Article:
As of July 2018, all HTTP websites will be marked as “not secure” by Google’s Chrome web browser meaning it’s essential you understand how this change affects your site, and how to secure your RapidWeaver website with HTTPS.

I've written about HTTPS previously, and how Google has been pushing towards a more secure web for several years now. However, starting in July 2018 all HTTP sites will be marked as “not secure” — no matter if your site collects usernames, passwords, or has a form on it — every HTTP site will have the “not secure” warning displayed to the user. You should act now and add HTTPS to your site before the release of Chrome 68 in a few months.

For the past several years, we’ve moved toward a more secure web by strongly advocating that sites adopt HTTPS encryption. And within the last year, we’ve also helped users understand that HTTP sites are not secure by gradually marking a larger subset of HTTP pages as “not secure”. Beginning in July 2018 with the release of Chrome 68, Chrome will mark all HTTP sites as “not secure”.

How to add HTTPS to RapidWeaver

Adding HTTPS to your RapidWeaver site is easier than you might think. Most modern hosting companies will either enable HTTPS by default or give you an easy way to add it via the admin panel for your domain. As there are so many hosts out there, I'd recommend contacting your host for details about their HTTPS support.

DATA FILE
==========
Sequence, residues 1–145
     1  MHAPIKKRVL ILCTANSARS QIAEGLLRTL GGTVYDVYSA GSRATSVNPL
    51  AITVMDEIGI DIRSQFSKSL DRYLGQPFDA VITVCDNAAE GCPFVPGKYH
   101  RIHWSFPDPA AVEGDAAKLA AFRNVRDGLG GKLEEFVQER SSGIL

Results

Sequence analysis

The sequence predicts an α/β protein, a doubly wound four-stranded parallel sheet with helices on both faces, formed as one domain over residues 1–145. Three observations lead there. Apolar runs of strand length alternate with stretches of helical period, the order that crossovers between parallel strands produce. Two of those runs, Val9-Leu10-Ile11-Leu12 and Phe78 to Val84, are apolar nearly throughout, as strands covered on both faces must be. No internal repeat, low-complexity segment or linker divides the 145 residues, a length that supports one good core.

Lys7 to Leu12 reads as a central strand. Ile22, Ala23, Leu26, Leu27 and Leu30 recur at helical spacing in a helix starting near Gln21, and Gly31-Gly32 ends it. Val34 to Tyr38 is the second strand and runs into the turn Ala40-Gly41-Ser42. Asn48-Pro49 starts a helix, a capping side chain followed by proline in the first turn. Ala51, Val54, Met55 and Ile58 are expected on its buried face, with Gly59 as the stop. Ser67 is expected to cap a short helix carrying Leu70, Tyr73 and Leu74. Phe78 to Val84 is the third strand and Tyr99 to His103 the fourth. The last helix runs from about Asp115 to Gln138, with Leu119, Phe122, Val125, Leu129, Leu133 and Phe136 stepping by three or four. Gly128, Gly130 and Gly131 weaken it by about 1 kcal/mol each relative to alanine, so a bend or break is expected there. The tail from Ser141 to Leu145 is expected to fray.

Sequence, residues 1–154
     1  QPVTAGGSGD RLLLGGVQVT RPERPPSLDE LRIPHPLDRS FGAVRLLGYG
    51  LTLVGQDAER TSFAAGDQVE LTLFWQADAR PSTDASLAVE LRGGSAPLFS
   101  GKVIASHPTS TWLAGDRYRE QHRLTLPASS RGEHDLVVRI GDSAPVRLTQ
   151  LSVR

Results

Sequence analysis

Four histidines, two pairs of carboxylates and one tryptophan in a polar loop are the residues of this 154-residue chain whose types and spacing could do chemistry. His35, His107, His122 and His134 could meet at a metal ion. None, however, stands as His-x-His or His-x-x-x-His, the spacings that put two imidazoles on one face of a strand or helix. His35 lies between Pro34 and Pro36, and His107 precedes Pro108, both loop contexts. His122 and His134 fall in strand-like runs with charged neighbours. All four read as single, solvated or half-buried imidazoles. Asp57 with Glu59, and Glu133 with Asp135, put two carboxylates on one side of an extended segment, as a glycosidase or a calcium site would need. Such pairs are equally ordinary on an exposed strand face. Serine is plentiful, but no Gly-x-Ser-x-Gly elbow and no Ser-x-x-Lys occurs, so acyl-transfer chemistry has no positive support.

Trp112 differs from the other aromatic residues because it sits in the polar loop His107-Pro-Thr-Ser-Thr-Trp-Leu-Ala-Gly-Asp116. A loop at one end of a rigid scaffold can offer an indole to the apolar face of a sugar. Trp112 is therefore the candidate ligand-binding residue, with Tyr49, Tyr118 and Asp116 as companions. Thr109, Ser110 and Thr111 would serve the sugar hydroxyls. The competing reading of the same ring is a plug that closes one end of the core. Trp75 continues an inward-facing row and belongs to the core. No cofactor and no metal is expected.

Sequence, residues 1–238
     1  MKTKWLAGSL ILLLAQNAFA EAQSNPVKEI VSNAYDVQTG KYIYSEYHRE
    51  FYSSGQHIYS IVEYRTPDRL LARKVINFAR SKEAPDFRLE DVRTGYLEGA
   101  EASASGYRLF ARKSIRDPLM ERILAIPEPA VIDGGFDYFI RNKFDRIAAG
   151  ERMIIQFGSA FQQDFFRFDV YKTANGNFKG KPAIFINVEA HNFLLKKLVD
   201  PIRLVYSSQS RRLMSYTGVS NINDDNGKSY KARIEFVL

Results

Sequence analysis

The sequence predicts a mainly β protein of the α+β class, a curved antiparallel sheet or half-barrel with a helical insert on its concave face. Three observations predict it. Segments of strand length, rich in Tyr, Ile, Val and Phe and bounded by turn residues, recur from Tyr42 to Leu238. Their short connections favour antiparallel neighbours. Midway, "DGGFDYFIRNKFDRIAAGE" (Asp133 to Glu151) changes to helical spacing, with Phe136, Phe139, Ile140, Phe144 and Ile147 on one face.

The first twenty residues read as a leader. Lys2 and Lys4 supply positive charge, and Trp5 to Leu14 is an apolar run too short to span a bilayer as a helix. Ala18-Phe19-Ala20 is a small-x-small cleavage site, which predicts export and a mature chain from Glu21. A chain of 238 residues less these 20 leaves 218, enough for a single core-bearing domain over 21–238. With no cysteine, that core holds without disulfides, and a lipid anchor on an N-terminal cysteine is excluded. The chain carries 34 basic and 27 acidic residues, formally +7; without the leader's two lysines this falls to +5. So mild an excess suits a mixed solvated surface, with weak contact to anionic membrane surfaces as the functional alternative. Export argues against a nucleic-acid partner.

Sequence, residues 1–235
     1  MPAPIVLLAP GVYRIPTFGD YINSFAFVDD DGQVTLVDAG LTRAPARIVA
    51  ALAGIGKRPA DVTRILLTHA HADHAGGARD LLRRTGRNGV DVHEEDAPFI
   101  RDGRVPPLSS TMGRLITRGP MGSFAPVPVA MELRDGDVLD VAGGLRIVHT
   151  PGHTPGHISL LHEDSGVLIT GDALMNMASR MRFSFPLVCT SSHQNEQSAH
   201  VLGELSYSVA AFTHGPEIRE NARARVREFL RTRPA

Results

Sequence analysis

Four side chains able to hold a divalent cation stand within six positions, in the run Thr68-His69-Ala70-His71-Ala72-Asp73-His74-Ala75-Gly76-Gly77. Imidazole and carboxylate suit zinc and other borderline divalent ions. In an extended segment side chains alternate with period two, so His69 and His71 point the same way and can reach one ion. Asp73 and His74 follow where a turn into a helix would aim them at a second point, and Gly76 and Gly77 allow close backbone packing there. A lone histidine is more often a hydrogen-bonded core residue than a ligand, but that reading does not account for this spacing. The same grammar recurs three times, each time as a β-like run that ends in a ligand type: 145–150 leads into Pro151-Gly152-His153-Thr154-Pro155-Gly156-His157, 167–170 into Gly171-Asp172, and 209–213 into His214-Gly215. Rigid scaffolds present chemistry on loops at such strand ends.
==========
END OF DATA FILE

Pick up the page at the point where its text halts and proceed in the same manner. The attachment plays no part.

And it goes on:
However, for most sites, I recommend using CloudFlare as it's quick and easy to install, and gives you a whole host of other features (such as DDOS protection and a CDN). I've written about how to add CloudFlare to your RapidWeaver site previously, but I thought I’d do a quick video explaining how it all works.

If you don't want to use CloudFlare, then your hosting company should offer you an easy way to install and manage an SSL certificate. Doing so will be more work than using CloudFlare, as you'll need to ensure the certificate is correctly installed and renewed yearly.

Managing an SSL certificate does, however, give you “full SSL” — this means that the connection to your server is encrypted, whereas the “flexible SSL” option with CloudFlare means the connection to CloudFlare is secure but isn't between CloudFlare and your server. This isn't something you’ll likely need to worry about and is the reason I suggest you use CloudFlare, but if you want to learn more you can read about the different SSL options with CloudFlare and your server.

Watch of the video above and your site will available over HTTPS in just a few minutes, removing the “not secure” warning that’s coming in Chrome. Happy Weaving!